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I’ve been at this a long time (35 years) and have only truly understood the hoof (as all farriers should) in the past few years. At first, it was disturbing to come to the realization that after all those years thinking I knew what I was doing, that I really had no idea at all.
But then after looking around and evaluating the farrier industry as a whole, I began to feel less disturbed. I came to believe that the problem was not that I had been amiss in mastering the craft, but instead that my profession was amiss in not understanding the very thing it deals with (the hoof capsule) in a manner that it should have.
If the industry truly understood the hoof capsule, many of the problems that the equine community is plagued with would not be at the epidemic proportions we see daily. I am referring to hoof capsules that fail to withstand the rigors of daily life (white line disease, chipping and cracking walls, seedy toes, flat soles, long toes, low heels, flared walls, etc.). These things have been around for centuries. Why have we not figured out how to correct them?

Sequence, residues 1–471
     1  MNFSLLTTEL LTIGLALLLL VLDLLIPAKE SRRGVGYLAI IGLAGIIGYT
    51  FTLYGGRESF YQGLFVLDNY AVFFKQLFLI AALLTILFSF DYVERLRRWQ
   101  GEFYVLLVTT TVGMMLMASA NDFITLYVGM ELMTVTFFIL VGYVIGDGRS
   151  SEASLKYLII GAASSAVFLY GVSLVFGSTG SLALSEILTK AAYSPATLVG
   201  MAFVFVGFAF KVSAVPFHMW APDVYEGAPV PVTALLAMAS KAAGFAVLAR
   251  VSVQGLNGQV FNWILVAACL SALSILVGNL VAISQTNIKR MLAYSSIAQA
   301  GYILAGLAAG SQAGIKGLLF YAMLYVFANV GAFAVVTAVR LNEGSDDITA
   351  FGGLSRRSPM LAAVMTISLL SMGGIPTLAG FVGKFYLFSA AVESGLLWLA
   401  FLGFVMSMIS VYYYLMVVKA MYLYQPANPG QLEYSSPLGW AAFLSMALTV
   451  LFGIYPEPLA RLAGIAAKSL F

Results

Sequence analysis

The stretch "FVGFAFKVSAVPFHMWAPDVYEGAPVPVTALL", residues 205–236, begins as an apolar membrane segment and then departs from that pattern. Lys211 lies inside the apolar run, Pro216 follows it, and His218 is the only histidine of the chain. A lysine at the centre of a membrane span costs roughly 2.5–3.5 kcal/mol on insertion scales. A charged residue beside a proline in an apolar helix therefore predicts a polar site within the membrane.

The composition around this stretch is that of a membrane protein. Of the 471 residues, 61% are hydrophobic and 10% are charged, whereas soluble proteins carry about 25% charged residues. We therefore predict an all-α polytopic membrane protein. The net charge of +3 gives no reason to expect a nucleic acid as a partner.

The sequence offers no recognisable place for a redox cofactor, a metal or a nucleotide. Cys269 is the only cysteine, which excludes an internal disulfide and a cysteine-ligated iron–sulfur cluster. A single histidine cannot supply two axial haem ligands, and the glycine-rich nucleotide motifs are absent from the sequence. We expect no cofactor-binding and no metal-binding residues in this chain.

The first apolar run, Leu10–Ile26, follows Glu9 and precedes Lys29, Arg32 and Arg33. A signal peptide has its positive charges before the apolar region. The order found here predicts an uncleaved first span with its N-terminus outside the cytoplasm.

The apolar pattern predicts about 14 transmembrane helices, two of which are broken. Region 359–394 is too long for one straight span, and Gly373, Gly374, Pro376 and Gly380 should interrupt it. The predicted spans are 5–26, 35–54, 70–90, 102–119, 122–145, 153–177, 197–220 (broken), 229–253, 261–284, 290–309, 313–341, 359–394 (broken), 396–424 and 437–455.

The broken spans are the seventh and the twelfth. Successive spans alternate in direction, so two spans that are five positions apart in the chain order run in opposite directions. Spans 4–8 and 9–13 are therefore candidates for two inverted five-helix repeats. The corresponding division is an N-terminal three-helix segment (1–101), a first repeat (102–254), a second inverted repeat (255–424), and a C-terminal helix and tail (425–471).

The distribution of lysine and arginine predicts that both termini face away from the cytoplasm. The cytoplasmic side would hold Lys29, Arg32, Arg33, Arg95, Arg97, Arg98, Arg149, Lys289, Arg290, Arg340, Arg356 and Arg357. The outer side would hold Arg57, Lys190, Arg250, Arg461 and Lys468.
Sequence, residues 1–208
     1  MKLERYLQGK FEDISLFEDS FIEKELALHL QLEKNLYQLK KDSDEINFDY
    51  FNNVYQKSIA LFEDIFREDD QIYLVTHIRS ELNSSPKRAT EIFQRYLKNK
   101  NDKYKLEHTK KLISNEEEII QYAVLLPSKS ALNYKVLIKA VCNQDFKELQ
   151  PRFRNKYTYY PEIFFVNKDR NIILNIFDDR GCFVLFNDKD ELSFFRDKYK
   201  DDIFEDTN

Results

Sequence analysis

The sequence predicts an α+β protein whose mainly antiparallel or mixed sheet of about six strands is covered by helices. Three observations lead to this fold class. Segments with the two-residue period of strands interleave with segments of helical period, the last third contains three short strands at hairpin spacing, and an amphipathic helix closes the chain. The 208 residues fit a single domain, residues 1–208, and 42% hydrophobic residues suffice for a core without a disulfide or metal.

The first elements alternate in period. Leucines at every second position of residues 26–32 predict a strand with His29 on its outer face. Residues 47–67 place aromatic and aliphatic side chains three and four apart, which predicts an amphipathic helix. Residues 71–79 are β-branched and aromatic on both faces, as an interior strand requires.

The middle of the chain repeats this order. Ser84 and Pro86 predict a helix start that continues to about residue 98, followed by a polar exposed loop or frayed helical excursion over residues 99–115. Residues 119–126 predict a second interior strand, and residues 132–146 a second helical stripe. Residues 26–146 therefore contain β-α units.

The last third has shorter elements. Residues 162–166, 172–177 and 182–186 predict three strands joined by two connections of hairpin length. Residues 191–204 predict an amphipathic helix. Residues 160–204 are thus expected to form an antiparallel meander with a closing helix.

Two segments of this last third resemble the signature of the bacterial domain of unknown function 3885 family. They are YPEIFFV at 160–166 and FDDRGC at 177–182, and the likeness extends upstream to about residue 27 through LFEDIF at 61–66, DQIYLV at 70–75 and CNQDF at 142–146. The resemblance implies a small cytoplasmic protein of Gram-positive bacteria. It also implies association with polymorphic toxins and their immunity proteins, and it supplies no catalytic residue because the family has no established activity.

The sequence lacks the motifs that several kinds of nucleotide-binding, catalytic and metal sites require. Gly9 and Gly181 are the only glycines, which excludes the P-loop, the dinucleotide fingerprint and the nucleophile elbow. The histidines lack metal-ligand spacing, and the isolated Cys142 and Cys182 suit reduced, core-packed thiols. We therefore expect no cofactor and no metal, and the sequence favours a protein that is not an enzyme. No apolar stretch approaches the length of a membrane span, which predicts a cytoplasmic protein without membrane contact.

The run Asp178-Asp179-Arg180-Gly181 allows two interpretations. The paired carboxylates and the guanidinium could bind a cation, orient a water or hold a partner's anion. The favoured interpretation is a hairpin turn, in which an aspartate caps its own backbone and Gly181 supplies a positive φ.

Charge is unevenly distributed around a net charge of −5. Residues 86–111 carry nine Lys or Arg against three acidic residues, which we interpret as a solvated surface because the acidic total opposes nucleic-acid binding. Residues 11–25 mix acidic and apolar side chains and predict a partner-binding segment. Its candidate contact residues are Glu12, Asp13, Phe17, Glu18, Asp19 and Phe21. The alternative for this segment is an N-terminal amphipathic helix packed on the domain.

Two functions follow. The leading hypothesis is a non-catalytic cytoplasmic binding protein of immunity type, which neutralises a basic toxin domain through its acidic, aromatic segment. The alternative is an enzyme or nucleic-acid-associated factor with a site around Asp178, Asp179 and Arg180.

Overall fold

I also feel that many of the issues that the vet industry deals with are a direct result of the farrier industry’s inability to correctly deal with the hoof capsule. Evidence of that would be the need for joint injections at earlier and earlier ages.
I carry American Farrier’s Association…